Match Group, LLC v. Bumble Trading Inc.

Western District of Texas, txwd-6:2018-cv-00080

Opposed MOTION for Leave to File Second Amended Complaint by Match Group, LLC.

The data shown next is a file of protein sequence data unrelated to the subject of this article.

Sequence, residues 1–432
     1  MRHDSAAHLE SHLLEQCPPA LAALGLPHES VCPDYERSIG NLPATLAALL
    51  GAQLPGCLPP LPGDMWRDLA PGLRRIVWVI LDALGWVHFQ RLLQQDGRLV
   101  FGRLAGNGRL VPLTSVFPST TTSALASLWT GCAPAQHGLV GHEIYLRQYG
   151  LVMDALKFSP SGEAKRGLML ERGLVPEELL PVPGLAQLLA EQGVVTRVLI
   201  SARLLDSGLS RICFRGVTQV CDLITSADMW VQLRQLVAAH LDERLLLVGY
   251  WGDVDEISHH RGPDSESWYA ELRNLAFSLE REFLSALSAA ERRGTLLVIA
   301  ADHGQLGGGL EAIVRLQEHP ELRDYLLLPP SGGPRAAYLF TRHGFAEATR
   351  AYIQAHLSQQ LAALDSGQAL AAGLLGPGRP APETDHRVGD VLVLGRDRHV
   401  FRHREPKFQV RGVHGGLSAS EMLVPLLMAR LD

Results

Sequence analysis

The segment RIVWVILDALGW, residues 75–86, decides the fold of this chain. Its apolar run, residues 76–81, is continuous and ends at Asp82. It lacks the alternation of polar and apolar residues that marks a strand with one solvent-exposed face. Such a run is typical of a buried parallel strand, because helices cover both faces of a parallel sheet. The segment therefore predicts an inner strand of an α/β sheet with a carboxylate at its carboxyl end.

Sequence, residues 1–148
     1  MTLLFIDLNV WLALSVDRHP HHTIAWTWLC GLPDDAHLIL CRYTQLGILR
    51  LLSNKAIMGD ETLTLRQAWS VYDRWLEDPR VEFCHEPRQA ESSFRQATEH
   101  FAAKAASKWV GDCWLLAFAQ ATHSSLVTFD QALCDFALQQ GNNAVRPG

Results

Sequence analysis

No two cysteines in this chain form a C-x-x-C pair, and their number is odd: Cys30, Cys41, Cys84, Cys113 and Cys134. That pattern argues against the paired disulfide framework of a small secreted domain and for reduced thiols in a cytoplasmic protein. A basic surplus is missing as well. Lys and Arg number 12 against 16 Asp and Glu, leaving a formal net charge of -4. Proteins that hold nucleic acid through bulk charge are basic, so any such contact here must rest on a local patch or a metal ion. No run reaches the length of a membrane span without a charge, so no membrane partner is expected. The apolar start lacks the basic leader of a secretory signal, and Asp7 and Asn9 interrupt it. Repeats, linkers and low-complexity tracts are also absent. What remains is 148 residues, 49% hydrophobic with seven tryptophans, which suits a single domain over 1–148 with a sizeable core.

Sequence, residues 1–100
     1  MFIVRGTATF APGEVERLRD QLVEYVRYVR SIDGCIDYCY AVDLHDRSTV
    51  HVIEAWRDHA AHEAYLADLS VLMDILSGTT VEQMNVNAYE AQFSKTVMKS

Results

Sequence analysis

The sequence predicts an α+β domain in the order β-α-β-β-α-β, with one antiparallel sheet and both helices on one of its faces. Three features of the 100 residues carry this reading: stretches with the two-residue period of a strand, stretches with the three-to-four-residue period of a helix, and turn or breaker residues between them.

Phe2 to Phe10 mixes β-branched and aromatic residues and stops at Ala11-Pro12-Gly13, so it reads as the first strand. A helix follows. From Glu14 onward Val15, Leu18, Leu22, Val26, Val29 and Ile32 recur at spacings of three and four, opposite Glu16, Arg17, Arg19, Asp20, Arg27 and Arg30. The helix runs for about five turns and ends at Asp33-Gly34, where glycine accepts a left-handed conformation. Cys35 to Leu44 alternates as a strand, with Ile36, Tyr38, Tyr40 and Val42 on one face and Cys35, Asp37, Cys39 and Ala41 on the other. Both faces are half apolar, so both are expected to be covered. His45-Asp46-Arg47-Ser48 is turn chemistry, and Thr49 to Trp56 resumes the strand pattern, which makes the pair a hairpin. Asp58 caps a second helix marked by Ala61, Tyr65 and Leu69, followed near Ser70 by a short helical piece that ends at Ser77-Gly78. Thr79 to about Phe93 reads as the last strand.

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2 IN THE UNITED STATES DISTRICT COURT FOR THE WESTERN DISTRICT OF TEXAS WACO DIVISION MATCH GROUP, LLC Plaintiff, No. 6:18-cv-00080-ADA v. BUMBLE TRADING INC. JURY TRIAL DEMANDED Defendant. PLAINTIFF MATCH GROUP, LLC'S OPPOSED MOTION FOR LEAVE TO FILE A SECOND AMENDED COMPLAINT 2 TABLE OF CONTENTS I. INTRODUCTION ................................................................................................................. 1 II. BACKGROUND ................................................................................................................... 2 III. ARGUMENT ......................................................................................................................... 3 A. Good Cause Exists to Add the '854 Patent. ................................................................... 3 B. Bumble's Proposed "With Prejudice" Dismissal of the '314 Patent Is Inappropriate Because the Court Has No Jurisdiction Over It. ...................................... 5 IV. CONCLUSION ...................................................................................................................... 7 i 2 TABLE OF AUTHORITIES Cases Advanced Electrolyte Techs. LLC v. Samsung SDI Co., Ltd No. A:17-CV-0030-LY (W.D. Tex. June 8, 2018) ..................................................................... 3 Alcon Research Ltd. v. Barr Labs., Inc., 745 F.3d 1180 (Fed. Cir. 2014) ...................................... 5 Core Wireless Licensing S.A.R.L. v. LG Elecs., Inc. No. 2:14-CV-0911-JRG-RSP, 2016 WL 1105364 (E.D. Tex. Feb. 4, 2016) report and recommendation adopted, 2016 WL 1106442 (E.D. Tex. Mar. 20, 2016) ........... 5, 7 Ford Motor Co. v. Versata Software, Inc. No. 15-11624, 2016 WL 8315738 (E.D. Mich. Nov. 7, 2016) ................................................... 7 IDB Ventures, LLC v. Charlotte Russe Holdings, Inc. No. 2:17-CV-660-WCB-RSP, 2018 WL 6830058 (E.D. Tex. Dec. 28, 2018) ........................... 4 Intellectual Ventures II, LLC v. AT & T Corp. No. 1:13-CV-116-LY (W.D. Tex. July 8, 2015) ......................................................................... 3 Jervis B. Webb Co. v. S. Sys., Inc. 742 F.2d 1388 (Fed. Cir. 1984) ................................................................................................... 5 Lake Carriers' Ass'n v. MacMullan 406 U.S. 498 (1972) .................................................................................................................... 6 Metaswitch Networks Ltd. v. Genband US LLC No. 2:14-CV-744-JRG-RSP, 2016 WL 1426451 (E.D. Tex. Mar. 1, 2016) ............................... 7 Microsoft Corp. v. DataTern, Inc. 755 F.3d 899 (Fed. Cir. 2014) ..................................................................................................... 6 Realtime Data LLC v. EchoStar Corp. No. 6:17-cv-00084-JDL, 2018 WL 6267332 (E.D. Tex. Nov. 29, 2018) ............................... 5, 7 S&W Enterprises, L.L.C. v. SouthTrust Bank of Alabama, NA 315 F.3d 533 (5th Cir. 2003) ....................................................................................................... 3 SanDisk Corp. v. Kingston Tech. Co. 695 F.3d 1348 (Fed. Cir. 2012) ................................................................................................... 5 Streck, Inc. v. Research & Diagnostic Sys., Inc. 665 F.3d 1269 (Fed. Cir. 2012) ................................................................................................... 5 ii 2 U.S. ex rel. Bias v. Tangipahoa Parish Sch. Bd. 816 F.3d 315 (5th Cir. 2016) ....................................................................................................... 3 VirnetX Inc. v. Apple Inc. 925 F. Supp. 2d 816 (E.D. Tex. 2013) ........................................................................................ 5 Rules Fed. R. Civ. P. 15(a)(2) ................................................................................................................... 3 Fed. R. Civ. P. 16(b)(4)................................................................................................................... 3 iii 2 I. INTRODUCTION The Court should grant Match Group, LLC ("Match") leave to file a Second Amended Complaint (attached as Ex. 1). The proposed complaint adds newly granted U.S. Patent No. 10,203,854—which the PTO only just issued on February 12, 2019. The '854 Patent overlaps with the subject matter in this case. It shares the same specification as the '811 and '023 Patents and involves similar claim language. The amended complaint also corrects a few earlier typos, makes a few non-substantive stylistic changes, and removes a section related to Match's D798,314 patent. This last change conforms the pleadings to the current case scope. To narrow the issues in this already complex matter—particularly where Match's asserted trade dress claims protect a similar scope of design—Match notified Bumble of Match's withdrawal of the '314 Patent in Match's preliminary infringement contentions, served January 21, 2019. Given the overlap between the '854 Patent and the '811 and '023 Patents, the '854 Patent claims are most efficiently resolved in this lawsuit rather than a separate lawsuit, giving good cause to amend. It will also not upset the current schedule. Match already served its '854- related infringement contentions and has agreed to Bumble's proposed modifications to the schedule to accommodate Bumble's ability to serve invalidity contentions for all three utility patents at the same time. These minor changes can be accomplished without affecting the claim construction briefing. This motion would be unopposed but for one issue: Bumble demands that Match dismiss its design patent claim "with prejudice."1 This demand is improper. Match's withdrawal of the 1 The parties conferred on this issue via an e-mail chain on February 14 and 15. The parties could not come to an agreement because of Bumble's request that any dismissal be "with prejudice." 1 2 claim has already operated as a dismissal without prejudice, regardless of the Court's decision here. As it relates to the '314 Patent, the Second Amended Complaint merely operates to conform the pleadings to the true scope of the case. The Court should grant leave to amend without this improper condition. Therefore, Match respectfully requests the Court grant it leave to file the proposed Second Amended Complaint. II. BACKGROUND Match filed this suit on March 16, 2018, alleging, inter alia, infringement of U.S. Patent Nos. 9,733,811 (the "'811 Patent"). Complaint, Dkt. 1. On April 30, 2018, Match filed a First Amended Complaint, adding allegations of infringement of U.S. Patent No. 9,959,023 (the "'023 Patent"), which had just issued. Dkt. 10. The Court held a joint case management conference on December 10, 2018. That same day, the Court entered the parties' agreed scheduling order. Dkt. 41. Match was prepared to serve its infringement contentions in December. But due to several conflicts of Bumble's counsel in January, early February, and April 2019, the agreed schedule became somewhat more protracted. The current schedule set deadlines for Match's infringement contentions as January 21, 2019, Bumble's invalidity contentions as March 8, 2019, and the Markman hearing as May 23, 2019. Dkt. 41. Match served its infringement contentions on January 21, 2019, withdrawing the '314 Patent. Bumble served its Original Answer and Counterclaims four days later, on January 25, 2019. Bumble specifically elected to not file counterclaims for non-infringement or invalidity of any of the asserted patents, including the '314 Patent. Dkt. 52. Match then received a notice of allowance of the '854 Patent. On February 11, 2019, a day before it printed, Match asked Bumble whether it would oppose a motion for leave to add it. Match indicated it was hoping to 2 2 file its motion by "the end of the week"—i.e., February 15, 2019. As a courtesy, Match served infringement contentions for the '854 Patent on February 13, 2019. On February 14, 2019, Bumble indicated that it would not oppose a motion for leave on one condition: Match dismiss the '314 Patent with prejudice. On February 15, 2019—the same day Match had indicated it would likely file for leave—Bumble elected to amend its answer. Although Bumble was aware of Match's withdrawal when it filed its Original Answer, and although that answer contained no patent-related counterclaims, Bumble's Amended Answer alleged counterclaims of non- infringement and invalidity of the already withdrawn '314 Patent. III. ARGUMENT A. Good Cause Exists to Add the '854 Patent. The Federal Rules of Civil Procedure provide that leave to amend a complaint should be "freely given." Fed. R. Civ. P. 15(a)(2). Once a scheduling order has been entered, courts evaluate whether to grant leave to add a new patent under a "good cause" standard. See Fed. R. Civ. P. 16(b)(4). To evaluate good cause, district courts consider four factors "(1) the explanation for the party's failure to [meet the deadline]; (2) the importance of the [amendment]; (3) potential prejudice in allowing the [amendment]; and (4) the availability of a continuance to cure such prejudice." U.S. ex rel. Bias v. Tangipahoa Parish Sch. Bd., 816 F.3d 315, 328 (5th Cir. 2016) (quoting S&W Enterprises, L.L.C. v. SouthTrust Bank of Alabama, NA, 315 F.3d 533, 536 (5th Cir. 2003) (second and third alternations in the original)). Here, all four factors show there is good cause. Indeed, courts routinely allow newly issued patents to be added to a preexisting case. See e.g., Advanced Electrolyte Techs. LLC v. Samsung SDI Co., Ltd, No. A:17- CV-0030-LY, Dkt. 100 (W.D. Tex. June 8, 2018); Intellectual Ventures II, LLC v. AT & T Corp., No. 1:13-CV-116-LY, Dkt. 212 (W.D. Tex. July 8, 2015). 3 2 First, Match could not have included the '854 Patent in the case before the deadline for infringement contentions because the '854 Patent had not issued at that time. Once it was clear the '854 Patent would issue, Match diligently prepared contentions for the '854 Patent and provided them to Bumble just one day after the patent's issuance. This is the very definition of diligence. Second, the importance of this amendment also cuts in favor of allowing it. Importance is judged by a "pragmatic judgment on the likelihood that the newly asserted [claim] will succeed," and is met where "the amended claim would survive a motion to dismiss." IDB Ventures, LLC v. Charlotte Russe Holdings, Inc., No. 2:17-CV-660-WCB-RSP, 2018 WL 6830058, at *10 (E.D. Tex. Dec. 28, 2018) (citations omitted). Here, Match's claims related to the '854 Patent certainly meet this low threshold and would equally have survived Bumble's motion to dismiss with respect to Match's '811 and '023 Patents. Moreover, adding this patent is important to fully resolve the disputes among Match and Bumble without the need for additional litigation. Finally, the third and fourth factors also favor allowing Match's amendment. Bumble will not suffer prejudice from the addition of the '854 Patent, and no continuance is needed. Bumble has already indicated that, at a minimum, it can serve invalidity contentions addressing all asserted patents if given an extension until March 22, 2019 to do so, and Match has already indicated its non-opposition to that request. Thus, there is no scheduling-related prejudice related to this proposed amendment. In sum, as is clear from Bumble's non-opposition to adding the '854 Patent if Match agreed to its unrelated (and inappropriate) condition, good cause exists to allow Match to amend its complaint to add the '854 Patent. 4 2 B. Bumble's Proposed "With Prejudice" Dismissal of the '314 Patent Is Inappropriate Because the Court Has No Jurisdiction Over It. Despite the clear good cause to amend, Bumble withheld its approval of this motion because Match would not dismiss the withdrawn '314 Patent with prejudice. No such dismissal is required. In fact, the Court has no authority to grant Bumble's requested condition. "[T]he existence of a case or controversy must be evaluated on a claim-by-claim basis." Jervis B. Webb Co. v. S. Sys., Inc., 742 F.2d 1388, 1399 (Fed. Cir. 1984). "[J]urisdiction must exist at all stages of review, not merely at the time the complaint was filed." Streck, Inc. v. Research & Diagnostic Sys., Inc., 665 F.3d 1269, 1282 (Fed. Cir. 2012) (internal quotation marks omitted). "[A] patentee's announcement that it was no longer pursuing particular claims, coupled with its ceasing to litigate them, [is] sufficient to remove those claims from the case even without such formalities [as a motion to dismiss]." Alcon Research Ltd. v. Barr Labs., Inc., 745 F.3d 1180, 1193 (Fed. Cir. 2014) (citing SanDisk Corp. v. Kingston Tech. Co., 695 F.3d 1348, 1353 (Fed. Cir. 2012)).2 Patents and claims withdrawn in this way are "treated as dismissed without prejudice." Core Wireless Licensing S.A.R.L. v. LG Elecs., Inc., No. 2:14-CV- 0911-JRG-RSP, 2016 WL 1105364, at *1 (E.D. Tex. Feb. 4, 2016) (citing cases), report and recommendation adopted, 2016 WL 1106442 (E.D. Tex. Mar. 20, 2016). Here, in an effort to begin narrowing issues, Match provided Bumble notice that it was withdrawing the '314 Patent in Match's infringement contentions. This had the effect of 2 See also SanDisk, 695 F.3d at 1353 (finding notification by plaintiff that it was no longer pursuing certain claims "akin to either a Federal Rule of Civil Procedure 15 amendment to the complaint. . . or a Rule 41(a) voluntary dismissal of claims without prejudice"); Streck, 665 F.3d at 1284 (finding withdrawn claims did not present an Article III "case or controversy," and therefore fell outside the Court's jurisdiction); cf. VirnetX Inc. v. Apple Inc., 925 F. Supp. 2d 816, 849 (E.D. Tex. 2013) ("The Court encourages and requires the parties to narrow their case for trial. Accordingly, the Court will not penalize such attempts to narrow issues by entering judgment on issues not presented at trial."). 5 2 dismissing the '314 Patent without prejudice. See Core Wireless, 2016 WL 1105364 (holding "Core's Notice [of withdrawal] effected a dismissal without prejudice of Core's infringement claims for the Dropped Patents" and declining to dismiss with prejudice); Realtime Data LLC v. EchoStar Corp., No. 6:17-cv-00084-JDL, 2018 WL 6267332, at *4 (E.D. Tex. Nov. 29, 2018) ("As discussed. . . Plaintiff's voluntary election not to pursue certain claims at trial operates as a dismissal without prejudice."). Accordingly, because the '314 Patent has already been effectively dismissed without prejudice, Match's requested amendment should be granted without imposing a "with prejudice" dismissal. Nothing about this result changes based on Bumble's belated, reactionary counterclaims filed in its recent Amended Answer. Match has withdrawn the claim. Based on that unequivocal withdrawal, there was not case and controversy at the time the '314 Patent-related counterclaims were filed, and they should be dismissed (without prejudice) as well.3 This is so regardless of 3 Notably, this presents a markedly different scenario than the questions presented in Match's 18- cv-350 declaratory judgment counterclaims. Specifically, while Match's withdrawal here divests the Court of jurisdiction over the '314 allegations, Bumble's request to withdraw its own case does not impact the Court's declaratory judgment jurisdiction over Match's counterclaims. The facts are significantly different. For one, here Match's withdrawal of the '314 Patent has been unequivocal. Match does not presently intend to re-file these claims against Bumble in this forum or in any other, it merely objects to a with prejudice dismissal of the claim. See, e.g., Microsoft Corp. v. DataTern, Inc., 755 F.3d 899, 906 (Fed. Cir. 2014) ("Refusal to grant a covenant not to sue is not sufficient to create an actual controversy because a patentee has no obligation to make a definitive determination, at the time and place of the competitors' choosing, that it will never bring an infringement suit." (internal quotations, alterations, and citations omitted)). Bumble, in contrast, expressly indicated that it may re-file when it first sought dismissal. See 18-cv-350 Dkt. 46-1 at ¶¶ 4-5. Second, unlike Match's claims concerning the '314 Patent, there remains a "substantial controversy, between parties having adverse legal interests, of sufficient immediacy and reality" to warrant a declaratory judgment concerning Match's 18-cv-350 counterclaims. See, e.g., Lake Carriers' Ass'n v. MacMullan, 406 U.S. 498, 506 (1972). Match's live counterclaims seek relief that it did not engage in fraud and that it did not engage in tortious interference. 18-cv-350 Dkt. No. 30 at 42-43. Even assuming for sake of argument that Bumble's attempt to seek a "without prejudice" dismissal of its original case indicated that Bumble was formally withdrawing its contention that Match's conduct give rise to liability under those allegations (with no present 6 2 the fact that Match has declined to agree to dismiss its claims "with prejudice." See Metaswitch Networks Ltd. v. Genband US LLC, No. 2:14-CV-744-JRG-RSP, 2016 WL 1426451, at *1 (E.D. Tex. Mar. 1, 2016) (no case-and-controversy jurisdiction over withdrawn patent despite plaintiff's refusal to dismiss withdrawn patent with prejudice); Ford Motor Co. v. Versata Software, Inc., No. 15-11624, 2016 WL 8315738, at *24 (E.D. Mich. Nov. 7, 2016) (no case- and-controversy jurisdiction over DJ counterclaim despite plaintiff's refusal to dismiss withdrawn patent claims with prejudice); Realtime Data LLC, 2018 WL 6267332, at *3 (no case- and-controversy on DJ counterclaims related to withdrawn patent claims for which patent owner had refused to grant covenant not to sue). Accord Core Wireless, 2016 WL 1105364, at *2-3 (no case-and-controversy jurisdiction over invalidity affirmative defenses on voluntarily withdrawn patent). Match will file an appropriate motion to dismiss these improper counterclaims under the timelines provided by the Federal Rules of Civil Procedure. IV. CONCLUSION For the reasons stated above, Match respectfully requests that Court grant it leave to file its Second Amended Complaint, attached as Exhibit 1. intention of re-filing), Bumble is currently seeking to file new-but-related allegations that Match engaged in fraud and tortious interference, under the same nucleus of facts—simply raised as a slightly modified theory. In other words, even if Match's original counterclaims were based on Bumble's original allegations that Bumble now seeks to withdraw, the declaratory relief sought still presents an actual legal controversy that is sufficiently immediate to warrant declaratory judgment relief; indeed, the controversy is the same one, simply re-framed. Meanwhile, Bumble's retaliatory counterclaims concerning the '314 Patent have no "immediacy and reality" to them as Match has withdrawn those claims and Match has no intent to assert the patent against Bumble as it currently operates. 7 2 DATED: February 19, 2019 Respectfully submitted, Caldwell Cassady & Curry /s/ Bradley W. Caldwell Bradley W. Caldwell Texas State Bar No. 24040630 Email: bcaldwell@caldwellcc.com John F. Summers Texas State Bar No. 24079417 Email: jsummers@caldwellcc.com Warren J. McCarty, III Texas State Bar No. 24107857 Email: wmccarty@caldwellcc.com Caldwell Cassady Curry P.C. 2101 Cedar Springs Road, Suite 1000 Dallas, Texas 75201 Telephone: (214) 888-4848 Facsimile: (214) 888-4849 John P. Palmer State Bar. 15430600 Email: palmer@namanhowell.com Naman, Howell, Smith & Lee, PLLC 400 Austin Avenue, 8th Floor P.O. Box 1470 Waco, TX 76701 Telephone: (254) 755-4100 Facsimile: (254) 754-6331 ATTORNEYS FOR PLAINTIFF MATCH GROUP, LLC CERTIFICATE OF SERVICE The undersigned certifies that the foregoing document was filed electronically with the Clerk of Court using the CM/ECF system which will send notification of such filing to all counsel registered as Filing Users on this 19th day of February, 2019. /s/ Bradley W. Caldwell Bradley W. Caldwell